(CATS AND DOGS/PET CARE) This week, during National Poison Prevention Week, learn how you can protect your pet from the toxic dangers and poisoning. Many common household items, such as Advil and chewing gum, could pose a serious threat to your pet.

Pet insurance company Trupanion has compiled a list of the most common poison and toxicity claims by pet parents. Some toxins, like chocolate, are more obvious among pet guardians, but others may come as a surprise.

Read below for a list of the top 10 most common poisonous items for your pet. — Global Animal

Only about 1% of all pets in North America are insured. Photo Credit: Modern Dog Magazine
Only one percent of all pets in North America are insured. Photo Credit: Modern Dog Magazine

10 Most Common Poison and Toxicity Claims

1.  Chocolate

2.  Rat Poison

Even the roots of the lily plant are toxic to cats. Photo credit: INLANDER
Even the roots of the lily plant are toxic to cats. Photo credit: INLANDER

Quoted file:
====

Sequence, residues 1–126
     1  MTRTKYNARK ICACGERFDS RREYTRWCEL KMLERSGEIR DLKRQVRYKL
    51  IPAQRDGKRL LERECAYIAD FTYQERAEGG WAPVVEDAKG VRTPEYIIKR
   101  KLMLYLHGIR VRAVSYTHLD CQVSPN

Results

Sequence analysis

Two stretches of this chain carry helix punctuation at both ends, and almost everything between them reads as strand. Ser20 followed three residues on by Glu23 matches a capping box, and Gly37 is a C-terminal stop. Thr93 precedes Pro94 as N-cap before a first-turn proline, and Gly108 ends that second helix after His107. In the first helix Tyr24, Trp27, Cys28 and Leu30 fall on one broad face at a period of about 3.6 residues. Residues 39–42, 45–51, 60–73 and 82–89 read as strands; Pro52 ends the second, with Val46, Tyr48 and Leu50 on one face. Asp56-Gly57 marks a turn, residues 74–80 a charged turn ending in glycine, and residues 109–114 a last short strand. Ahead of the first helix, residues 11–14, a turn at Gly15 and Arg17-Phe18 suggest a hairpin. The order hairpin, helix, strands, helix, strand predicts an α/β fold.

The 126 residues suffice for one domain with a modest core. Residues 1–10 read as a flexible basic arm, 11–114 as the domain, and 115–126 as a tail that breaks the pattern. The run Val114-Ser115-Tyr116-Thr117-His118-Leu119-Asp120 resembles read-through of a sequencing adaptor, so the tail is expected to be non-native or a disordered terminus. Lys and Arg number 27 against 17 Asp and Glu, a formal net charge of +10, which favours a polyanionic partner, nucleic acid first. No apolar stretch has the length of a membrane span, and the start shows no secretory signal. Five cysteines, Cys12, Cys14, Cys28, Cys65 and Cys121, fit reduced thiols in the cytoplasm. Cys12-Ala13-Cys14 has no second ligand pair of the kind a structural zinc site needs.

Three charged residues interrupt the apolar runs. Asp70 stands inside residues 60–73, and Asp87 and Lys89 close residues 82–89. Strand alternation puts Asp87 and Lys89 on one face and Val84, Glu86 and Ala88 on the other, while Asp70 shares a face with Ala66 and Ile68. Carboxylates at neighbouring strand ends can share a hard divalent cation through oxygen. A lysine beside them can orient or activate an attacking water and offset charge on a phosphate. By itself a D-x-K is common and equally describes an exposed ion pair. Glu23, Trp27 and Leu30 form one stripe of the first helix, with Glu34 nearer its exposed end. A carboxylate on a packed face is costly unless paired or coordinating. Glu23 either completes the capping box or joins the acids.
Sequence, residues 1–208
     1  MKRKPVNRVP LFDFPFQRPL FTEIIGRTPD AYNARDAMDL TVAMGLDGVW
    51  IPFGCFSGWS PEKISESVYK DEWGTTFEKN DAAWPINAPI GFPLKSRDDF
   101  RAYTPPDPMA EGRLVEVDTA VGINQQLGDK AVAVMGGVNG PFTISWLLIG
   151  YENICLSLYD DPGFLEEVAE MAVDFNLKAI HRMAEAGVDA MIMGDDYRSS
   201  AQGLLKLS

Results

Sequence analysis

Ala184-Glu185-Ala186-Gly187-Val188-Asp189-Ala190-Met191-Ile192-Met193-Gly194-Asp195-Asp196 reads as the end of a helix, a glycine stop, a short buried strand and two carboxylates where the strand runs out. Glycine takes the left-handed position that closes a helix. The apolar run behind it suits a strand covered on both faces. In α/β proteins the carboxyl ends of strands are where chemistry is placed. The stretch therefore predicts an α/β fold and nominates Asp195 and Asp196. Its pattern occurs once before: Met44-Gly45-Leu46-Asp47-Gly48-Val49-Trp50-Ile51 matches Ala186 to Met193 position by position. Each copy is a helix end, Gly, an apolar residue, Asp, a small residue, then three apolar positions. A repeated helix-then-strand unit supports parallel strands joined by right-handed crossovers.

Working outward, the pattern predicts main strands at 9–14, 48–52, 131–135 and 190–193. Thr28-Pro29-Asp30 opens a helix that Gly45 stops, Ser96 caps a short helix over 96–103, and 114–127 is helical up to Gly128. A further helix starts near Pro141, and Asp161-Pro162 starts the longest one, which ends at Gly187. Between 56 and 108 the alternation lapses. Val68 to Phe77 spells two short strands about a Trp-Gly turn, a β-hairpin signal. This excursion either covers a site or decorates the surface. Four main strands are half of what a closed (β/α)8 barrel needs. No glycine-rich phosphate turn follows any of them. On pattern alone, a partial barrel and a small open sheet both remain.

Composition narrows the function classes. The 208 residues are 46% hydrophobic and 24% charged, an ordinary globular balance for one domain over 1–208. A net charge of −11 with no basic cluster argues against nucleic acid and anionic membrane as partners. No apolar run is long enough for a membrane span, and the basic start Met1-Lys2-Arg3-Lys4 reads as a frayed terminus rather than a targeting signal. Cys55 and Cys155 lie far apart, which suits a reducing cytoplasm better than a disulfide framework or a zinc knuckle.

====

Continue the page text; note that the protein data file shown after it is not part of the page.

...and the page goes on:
3.  Common household drugs (like NSAID’s, Advil, and Acetaminophen)

4.  Xylitol (commonly found in chewing gum)

5.  Grapes and Raisins

6.  Mushrooms

7.  Plants (like lily or sago palm)

8.  Marijuana

9.  Onions and Garlic

10.  Antifreeze

Some substances are far more toxic or tempting for cats than dogs, and vice-versa. For example, of the $1.3 million paid out, over 10% went toward chocolate toxicity claims specifically, and 99% of those claims came from dogs. On the other hand, lilies are incredibly toxic to cats and can lead to kidney failure if your cat simply licks a lily bulb. Of all the claims, lily toxicity came out as one of the most expensive, with an average claim cost of $1,000.

“The best option is to keep these toxins out of your pet’s reach. If you think your pet has been exposed to any of these toxins, it is important to stay calm and act quickly. Keep your veterinarian’s contact information and a pet first aid kit readily accessible in case of an incident,” says Kerri Marshall, DVM.

For more tips and information on pet poison prevention, visit Trupanion’s Guide to Poison Prevention.

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